With the TTNT Weapon to Aircraft back-link design as described above, it is believed that the weapons data link of the present invention can support multiple weapons in the air. Because the system is designed for minimal latency, it is an asynchronous design. Therefore, the potential exists for the system to generate conflict between elements on the same frequency. However, the robust coding as embodied in the Digital Spread Spectrum structure resolves this potential conflict and provides for simultaneous data reception. The design is also designed with variable throughput, and, therefore, the following chart is provided to define a set of maximum limits of the system, when the system is configured as otherwise described.
(388 × 262) (¼ VGA) (8 bit color)
Missile Video Links
30 Frames per Second
5 Frames per Second
If two missiles are in the air and transmitting the maximum available bandwidth [1 Mbps information data or 7.5 Mbps RF data], the system would be expected to be at 1.8%, which is well below the system saturation point and will likely result in a transfer percentage of better than 99.95% per message.
Information Data Rate
Because of the limited power carrying capability of the weapon, it is believed that it may be best to consider reanalyzing the information data rate which directly affects the power consumption of the data link.
It is further believed that the aircraft to weapon downlink may be required for target reassignment and polling of the weapon. This typically could be accomplished via burst modes of less than 1 kbit of data. For the −2 (streaming video) variant of the return data link, utilizing the commercially available MPEG4-encoded stream format, may support 388×262 frames at 5 frames/sec using 200 kbps (including Turbocoding).
When the commercial of the shelf (COTS) error coding and video compression architectures are combined, it may result in a very low-cost, high capability weapon data link.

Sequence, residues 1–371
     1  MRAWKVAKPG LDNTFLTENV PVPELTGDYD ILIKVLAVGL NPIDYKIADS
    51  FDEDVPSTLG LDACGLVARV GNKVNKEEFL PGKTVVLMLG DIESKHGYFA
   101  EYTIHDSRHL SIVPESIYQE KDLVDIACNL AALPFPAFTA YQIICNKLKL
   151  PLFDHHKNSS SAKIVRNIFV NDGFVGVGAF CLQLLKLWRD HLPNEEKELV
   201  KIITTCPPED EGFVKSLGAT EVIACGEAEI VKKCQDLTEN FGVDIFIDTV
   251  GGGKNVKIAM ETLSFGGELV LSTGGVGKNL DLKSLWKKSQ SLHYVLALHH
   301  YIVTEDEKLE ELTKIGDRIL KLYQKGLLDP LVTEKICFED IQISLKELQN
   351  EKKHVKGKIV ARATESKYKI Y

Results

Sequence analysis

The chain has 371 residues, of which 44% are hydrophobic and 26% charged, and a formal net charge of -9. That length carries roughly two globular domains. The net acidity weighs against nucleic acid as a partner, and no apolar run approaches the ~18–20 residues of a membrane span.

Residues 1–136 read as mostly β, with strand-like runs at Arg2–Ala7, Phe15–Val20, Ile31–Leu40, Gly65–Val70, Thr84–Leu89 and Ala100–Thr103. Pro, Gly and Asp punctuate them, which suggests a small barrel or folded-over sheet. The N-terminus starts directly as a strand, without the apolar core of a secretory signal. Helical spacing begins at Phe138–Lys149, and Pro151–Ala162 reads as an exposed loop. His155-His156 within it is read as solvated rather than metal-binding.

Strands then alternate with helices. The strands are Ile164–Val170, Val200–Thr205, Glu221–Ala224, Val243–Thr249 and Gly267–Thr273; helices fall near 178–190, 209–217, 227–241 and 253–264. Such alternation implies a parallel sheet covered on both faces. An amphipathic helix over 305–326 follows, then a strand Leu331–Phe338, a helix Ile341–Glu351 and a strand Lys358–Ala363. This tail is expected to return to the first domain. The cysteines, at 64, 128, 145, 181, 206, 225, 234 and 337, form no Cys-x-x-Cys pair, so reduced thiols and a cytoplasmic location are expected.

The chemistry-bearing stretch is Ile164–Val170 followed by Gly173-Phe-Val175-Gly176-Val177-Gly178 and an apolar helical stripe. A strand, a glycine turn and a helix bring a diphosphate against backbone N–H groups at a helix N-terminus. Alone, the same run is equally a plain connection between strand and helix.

One of the key areas that could affect cost is the data encryption and National Security Agency approval. The use of a governmentally approved cryptographic device is an extremely expensive component for this application ($1K per chipset in large volumes). Due to the limited life expectancy of the missile, it will be processing a very limited amount of secure data. When coupled with the desire for a very low-cost solution, it is believed that the secure processing should be handled by lower cost COTS technology. Triple DES encryption technology is already available in large volume and low cost. This encryption technology may be utilized for currency exchange, and, therefore, could be a trusted source of encryption. NSA is believed to be considering use of DES technology for low mission times.
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|Citing Patent||Filing date||Publication date||Applicant||Title|
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|U.S. Classification||342/59, 342/195, 342/58|
|International Classification||G01S7/40, G01S13/00|
|Cooperative Classification||F41G7/2233, F41G7/2253, F41G7/2293, F41G7/2206|
|Jun 23, 2004||AS||Assignment|
Owner name: ROCKWELL COLLINS, INC., IOWA
Free format text: ASSIGNMENT OF ASSIGNORS INTEREST;ASSIGNORS:HAENDEL, RICHARD S.;WALLER, GARY C.;REEL/FRAME:014767/0469;SIGNING DATES FROM 20040614 TO 20040621
|Jun 30, 2010||FPAY||Fee payment|
Year of fee payment: 4
|Aug 27, 2014||FPAY||Fee payment|
Year of fee payment: 8